Gloversville looks to advance brownfield cleanup

PHOTOGRAPHER:

This June 2019 file photo shows a brownfield site in Gloversville on West Eleventh Avenue.

GLOVERSVILLE — Mayor Vince DeSantis and City Attorney Amanda Rose are set to meet with Fulton County Attorney Jason Brott on Thursday to advance the city’s plan to acquire four brownfield properties through tax foreclosure and then apply for federal funding to clean up and redevelop the long-abandoned parcels.

The four targeted brownfield properties are:

• The former Tradition Leather property at 41 W. 11th Ave., across the street from Kingsborough Elementary School.

• The former Comrie Inc. property on the corner of Route 30A and Harrison Street.

• The former John Johns Buckskin Co. property, located at 1 Rose St.

• The former Glencoe Leather Corp. property, located at 51 E. 8th Ave.

All four parcels are in tax default, but the county has always declined to foreclose on them due to the potential environmental clean-up costs that could come with owning the properties.

Gloversville delegated to Fulton County the city’s power to foreclose on tax-delinquent properties decades ago as part of the “Hornell Plan,” which saved the city from being financially liable for unpaid school taxes on city properties but also took away the city’s power to control the fate of city properties in tax foreclosure. The towns of Fulton County are also part of the Hornell Plan, although the city of Johnstown has continued to retain its foreclosure power.

But, DeSantis said Gloversville can regain its foreclosure power in specific instances, such as with the four brownfields.

“The city, originally, has the original authority to foreclose in tax foreclosure,” DeSantis said. “The Hornell Plan is a contract between the city and the county. It’s an inter-municipal agreement, where we’ve actually delegated our authority to the county, so the county and the city can then modify that agreement, by mutual consent, to allow us to go ahead and foreclose on specific pieces of property.”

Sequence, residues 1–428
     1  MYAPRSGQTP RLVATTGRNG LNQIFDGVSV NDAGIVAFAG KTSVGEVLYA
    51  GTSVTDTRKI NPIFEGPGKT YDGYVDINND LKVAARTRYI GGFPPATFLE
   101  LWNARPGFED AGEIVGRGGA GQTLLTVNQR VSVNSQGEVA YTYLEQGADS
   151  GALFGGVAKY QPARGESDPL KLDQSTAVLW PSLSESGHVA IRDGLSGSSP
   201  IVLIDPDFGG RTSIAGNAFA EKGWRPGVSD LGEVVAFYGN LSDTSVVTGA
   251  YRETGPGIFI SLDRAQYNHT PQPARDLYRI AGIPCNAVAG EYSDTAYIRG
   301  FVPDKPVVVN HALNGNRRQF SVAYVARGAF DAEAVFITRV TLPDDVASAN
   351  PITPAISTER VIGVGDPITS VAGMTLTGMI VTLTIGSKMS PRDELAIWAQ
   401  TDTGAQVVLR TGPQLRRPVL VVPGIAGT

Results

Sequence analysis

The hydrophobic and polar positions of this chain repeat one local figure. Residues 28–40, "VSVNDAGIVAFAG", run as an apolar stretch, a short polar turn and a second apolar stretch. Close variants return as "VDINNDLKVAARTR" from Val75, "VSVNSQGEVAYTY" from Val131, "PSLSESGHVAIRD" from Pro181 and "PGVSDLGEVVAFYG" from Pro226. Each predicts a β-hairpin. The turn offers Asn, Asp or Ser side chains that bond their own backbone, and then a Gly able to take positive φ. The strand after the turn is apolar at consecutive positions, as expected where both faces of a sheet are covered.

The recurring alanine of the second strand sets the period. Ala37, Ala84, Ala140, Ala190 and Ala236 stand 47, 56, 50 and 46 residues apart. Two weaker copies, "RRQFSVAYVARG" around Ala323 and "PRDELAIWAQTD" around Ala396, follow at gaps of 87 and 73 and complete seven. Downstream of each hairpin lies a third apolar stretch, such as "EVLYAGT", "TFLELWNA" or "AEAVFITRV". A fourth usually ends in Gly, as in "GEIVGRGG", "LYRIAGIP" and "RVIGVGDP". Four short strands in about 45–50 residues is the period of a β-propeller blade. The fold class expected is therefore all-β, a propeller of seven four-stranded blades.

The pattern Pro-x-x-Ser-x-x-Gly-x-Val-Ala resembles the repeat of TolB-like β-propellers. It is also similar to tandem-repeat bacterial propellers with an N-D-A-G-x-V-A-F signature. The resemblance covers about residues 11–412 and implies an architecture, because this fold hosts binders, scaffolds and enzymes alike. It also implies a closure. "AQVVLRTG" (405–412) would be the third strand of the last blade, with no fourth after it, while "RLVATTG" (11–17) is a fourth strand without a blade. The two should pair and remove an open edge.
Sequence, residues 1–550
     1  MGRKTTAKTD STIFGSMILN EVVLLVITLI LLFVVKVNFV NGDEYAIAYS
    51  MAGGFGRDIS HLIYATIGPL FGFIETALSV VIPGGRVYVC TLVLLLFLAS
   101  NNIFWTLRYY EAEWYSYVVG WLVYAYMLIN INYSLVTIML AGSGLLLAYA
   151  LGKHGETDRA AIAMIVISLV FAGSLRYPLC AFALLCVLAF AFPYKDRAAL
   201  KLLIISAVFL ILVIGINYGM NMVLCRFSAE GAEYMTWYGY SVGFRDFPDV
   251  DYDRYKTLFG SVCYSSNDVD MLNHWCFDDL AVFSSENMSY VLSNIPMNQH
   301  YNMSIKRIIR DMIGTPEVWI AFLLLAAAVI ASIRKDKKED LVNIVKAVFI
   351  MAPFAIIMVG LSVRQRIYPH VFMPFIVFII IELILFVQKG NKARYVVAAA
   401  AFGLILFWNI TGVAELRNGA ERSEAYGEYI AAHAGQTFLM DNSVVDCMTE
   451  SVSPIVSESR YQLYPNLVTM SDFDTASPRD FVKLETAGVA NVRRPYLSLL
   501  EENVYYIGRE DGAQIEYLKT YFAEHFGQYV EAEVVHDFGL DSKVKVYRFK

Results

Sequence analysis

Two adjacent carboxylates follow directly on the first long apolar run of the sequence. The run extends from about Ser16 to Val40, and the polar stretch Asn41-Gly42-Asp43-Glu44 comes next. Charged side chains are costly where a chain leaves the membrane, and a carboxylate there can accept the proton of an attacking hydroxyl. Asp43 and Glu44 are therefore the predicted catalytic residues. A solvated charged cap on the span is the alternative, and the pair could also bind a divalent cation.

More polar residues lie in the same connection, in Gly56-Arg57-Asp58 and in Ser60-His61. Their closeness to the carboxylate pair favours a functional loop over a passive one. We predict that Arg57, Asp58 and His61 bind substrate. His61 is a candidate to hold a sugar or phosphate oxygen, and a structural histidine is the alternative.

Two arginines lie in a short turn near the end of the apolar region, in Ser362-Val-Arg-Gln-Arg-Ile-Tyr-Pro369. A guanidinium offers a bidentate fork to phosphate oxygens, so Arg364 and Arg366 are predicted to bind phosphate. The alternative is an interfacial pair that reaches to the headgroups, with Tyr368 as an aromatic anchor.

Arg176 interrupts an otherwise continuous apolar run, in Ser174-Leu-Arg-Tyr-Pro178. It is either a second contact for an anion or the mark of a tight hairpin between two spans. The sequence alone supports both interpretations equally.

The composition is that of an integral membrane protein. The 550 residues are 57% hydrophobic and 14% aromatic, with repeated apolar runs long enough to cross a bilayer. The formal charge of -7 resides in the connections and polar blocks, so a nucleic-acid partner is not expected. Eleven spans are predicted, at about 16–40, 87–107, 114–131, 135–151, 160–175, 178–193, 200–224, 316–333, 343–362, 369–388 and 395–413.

During his state of the city address on Jan.1, DeSantis said the $1.2 trillion Infrastructure and Jobs Act, passed by Congress and signed into law by President Joe Biden in November, includes significant amounts of federal funding for the environmental clean-up of contaminated brownfields. DeSantis said the city could apply for as much as $5 million for its targeted brownfield sites, but the catch is the city has to own the properties in order to apply for the money.

Gloversville already owns some brownfields it wants to clean up including the former Risedorf Tannery, at 130-146 West 8th Ave, a 13-acre property that has 32,000 tons of contaminated soil in a 100,000 square foot area, as well as contaminated sediments and groundwater.

The city has also identified the former Wood and Hyde tannery at 47 10th Ave., the former Van Tent Pole tannery property at 1 Rose St., the “Crescent” properties associated with the FJ&G Railyard, the site of the former city Department of Public Works facility on Washburn Street, and the site of the former Independent Leather building, at 315 S. Main St., as priority sites the city will be seeking funding to clean up.

The targeted sites are only a small portion of Gloversville’s total brownfields. During a Facebook live-streamed event titled “Brownfield Project Status Update” on Jan. 13, U.S. Environmental Protection Agency officer Sadira Robles said the $300,000 EPA City-Wide Assessment Grant Gloversville received in 2019 was used to create an inventory of all of the potential brownfield sites in Gloversville and then begin the process of identifying what hazardous chemicals may be in the soil at the properties, a crucial step towards beginning any clean-up and redevelopment project.

Robles said the grant has identified 47 brownfields in Gloversville, encompassing about 127 acres of the city. She said the city has completed 25 Phase 1 Environmental Studies of those brownfields and two Phase 2 studies, as well as conducted six outreach meetings to obtain public input about what should happen with the properties if funding is ever obtained for clean-up and redevelopment.

DeSantis said the assessment grant also determined there were 168 abandoned, dilapidated and vacant industrial sites located on those 47 brownfield parcels.

DeSantis said his administration has chosen the brownfield properties it wants to clean up first based on impact. He said cleaning up the Tradition Leather property is an obvious priority because of its proximity to an elementary school, but every parcel that has been prioritized has the potential to improve life in the city.

“We feel that the redevelopment of these sites would have the most positive impact on the neighborhood that they’re in, and on the city as a whole,” he said. “For example, if you look at that Comrie Inc. site — way down to the southern tip of the city — right on 30A, that has some real commercial possibilities for commercial redevelopment, but it doesn’t have neighborhoods around it, so it was one of the later ones that became a priority because, you know, we just felt that the redevelopment of that site is not going to change the quality of life of the people who live in Gloversville, as much and so many others.”

By Jason Subik

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